After emancipation in Maryland in 1864, thousands of African Americans in rural Montgomery County faced an uncertain future. They responded by forming tight-knit communities, determined to prove their potential to themselves and others.
The story of Sugarland is a chronicle of remarkable self-sufficiency. In a corner of the countryside just 20 miles from the nation’s capital, the Sugarland families owned 200 acres of farmland after the Civil War. At its height, their town boasted a schoolhouse, a general store, a post office, a practice hall for a cornet band, and a church that still stands today. Their history is full of surprising turns that show a community deeply engaged with the wider world, a place where neighbors worked together to imbue their children with a lasting appreciation of family and faith.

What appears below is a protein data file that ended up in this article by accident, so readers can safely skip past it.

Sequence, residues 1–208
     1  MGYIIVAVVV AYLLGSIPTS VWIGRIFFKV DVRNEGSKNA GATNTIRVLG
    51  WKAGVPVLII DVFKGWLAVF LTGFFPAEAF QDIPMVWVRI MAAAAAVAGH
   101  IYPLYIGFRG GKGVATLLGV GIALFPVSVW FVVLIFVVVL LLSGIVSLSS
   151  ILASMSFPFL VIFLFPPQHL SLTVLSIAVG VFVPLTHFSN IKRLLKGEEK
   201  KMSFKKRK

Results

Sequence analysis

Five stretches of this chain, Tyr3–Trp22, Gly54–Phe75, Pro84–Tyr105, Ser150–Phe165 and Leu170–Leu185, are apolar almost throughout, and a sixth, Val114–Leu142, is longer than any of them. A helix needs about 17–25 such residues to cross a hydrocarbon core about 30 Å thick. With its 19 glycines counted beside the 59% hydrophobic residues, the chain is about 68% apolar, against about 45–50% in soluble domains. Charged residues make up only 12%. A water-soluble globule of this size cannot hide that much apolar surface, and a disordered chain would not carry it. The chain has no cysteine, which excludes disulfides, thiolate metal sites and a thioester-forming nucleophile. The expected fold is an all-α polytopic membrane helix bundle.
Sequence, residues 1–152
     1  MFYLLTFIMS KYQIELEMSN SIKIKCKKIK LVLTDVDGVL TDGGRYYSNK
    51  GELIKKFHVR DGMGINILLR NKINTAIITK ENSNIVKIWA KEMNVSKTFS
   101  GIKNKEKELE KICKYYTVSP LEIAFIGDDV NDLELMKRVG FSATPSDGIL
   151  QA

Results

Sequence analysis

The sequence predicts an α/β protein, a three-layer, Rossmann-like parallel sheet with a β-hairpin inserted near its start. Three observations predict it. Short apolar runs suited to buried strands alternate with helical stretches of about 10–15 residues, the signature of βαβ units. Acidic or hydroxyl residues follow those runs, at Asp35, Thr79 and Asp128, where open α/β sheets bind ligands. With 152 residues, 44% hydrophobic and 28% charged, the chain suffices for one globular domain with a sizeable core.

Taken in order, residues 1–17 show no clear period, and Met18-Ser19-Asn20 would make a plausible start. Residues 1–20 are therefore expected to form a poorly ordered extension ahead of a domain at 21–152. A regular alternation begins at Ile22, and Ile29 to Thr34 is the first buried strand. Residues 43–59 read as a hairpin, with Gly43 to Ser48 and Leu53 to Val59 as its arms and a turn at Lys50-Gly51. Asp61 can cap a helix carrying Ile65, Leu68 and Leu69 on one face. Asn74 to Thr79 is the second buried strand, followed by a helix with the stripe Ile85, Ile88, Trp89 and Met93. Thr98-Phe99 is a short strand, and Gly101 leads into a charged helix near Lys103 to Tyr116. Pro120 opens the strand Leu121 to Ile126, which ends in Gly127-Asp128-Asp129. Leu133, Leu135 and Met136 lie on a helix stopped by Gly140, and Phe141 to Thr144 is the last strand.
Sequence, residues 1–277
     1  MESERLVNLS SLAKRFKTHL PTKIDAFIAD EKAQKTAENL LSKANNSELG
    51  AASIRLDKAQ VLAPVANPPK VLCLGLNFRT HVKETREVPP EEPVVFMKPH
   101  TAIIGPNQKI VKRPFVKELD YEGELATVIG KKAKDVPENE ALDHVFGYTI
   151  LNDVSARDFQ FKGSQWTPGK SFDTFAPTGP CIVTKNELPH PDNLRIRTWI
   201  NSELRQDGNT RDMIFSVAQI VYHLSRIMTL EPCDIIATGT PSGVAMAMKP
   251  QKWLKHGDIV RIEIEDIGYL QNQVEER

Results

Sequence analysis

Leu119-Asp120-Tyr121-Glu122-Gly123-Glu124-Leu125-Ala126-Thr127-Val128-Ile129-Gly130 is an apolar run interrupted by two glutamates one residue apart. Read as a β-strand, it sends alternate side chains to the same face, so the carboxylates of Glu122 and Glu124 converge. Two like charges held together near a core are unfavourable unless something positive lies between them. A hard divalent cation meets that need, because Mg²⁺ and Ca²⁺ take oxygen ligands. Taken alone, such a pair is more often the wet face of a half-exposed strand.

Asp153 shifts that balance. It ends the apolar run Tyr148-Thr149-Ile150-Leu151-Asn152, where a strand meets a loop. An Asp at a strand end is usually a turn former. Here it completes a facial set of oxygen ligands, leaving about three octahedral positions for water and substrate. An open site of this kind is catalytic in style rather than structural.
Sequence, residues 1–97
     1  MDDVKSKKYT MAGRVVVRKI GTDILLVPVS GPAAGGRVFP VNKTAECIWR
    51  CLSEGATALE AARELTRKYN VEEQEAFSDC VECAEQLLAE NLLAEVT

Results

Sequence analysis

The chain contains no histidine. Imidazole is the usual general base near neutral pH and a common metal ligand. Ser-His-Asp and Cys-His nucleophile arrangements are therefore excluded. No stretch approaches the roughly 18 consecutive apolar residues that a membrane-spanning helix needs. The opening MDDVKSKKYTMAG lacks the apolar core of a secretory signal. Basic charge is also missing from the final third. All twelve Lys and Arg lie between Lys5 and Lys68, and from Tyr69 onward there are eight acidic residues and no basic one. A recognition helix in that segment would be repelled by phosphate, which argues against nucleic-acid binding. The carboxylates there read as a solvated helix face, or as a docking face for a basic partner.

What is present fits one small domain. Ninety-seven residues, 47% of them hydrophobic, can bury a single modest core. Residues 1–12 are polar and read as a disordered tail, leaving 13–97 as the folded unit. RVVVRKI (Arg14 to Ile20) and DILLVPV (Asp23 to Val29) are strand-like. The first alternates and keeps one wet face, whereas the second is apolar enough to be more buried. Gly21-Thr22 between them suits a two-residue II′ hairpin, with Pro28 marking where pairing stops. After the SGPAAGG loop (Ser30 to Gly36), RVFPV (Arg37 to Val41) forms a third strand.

Today, the nonprofit Sugarland Ethno-History Project maintains the community’s historic church and cemetery and works to share this important chapter in American history with the wider public. Overseen by descendants of the original founders, the SEHP also maintains a vast collection of artifacts, photographs, and documents for anyone conducting historical or genealogical research.
To learn more about Sugarland from emancipation to the present day, please order a copy of our award-winning 2020 book I Have Started for Canaan: The Story of the African American Town of Sugarland, the first full-length history of a Reconstruction-era African American town in Maryland. We also invite you to contact us with any questions at firstname.lastname@example.org or arrange for a visit and tour.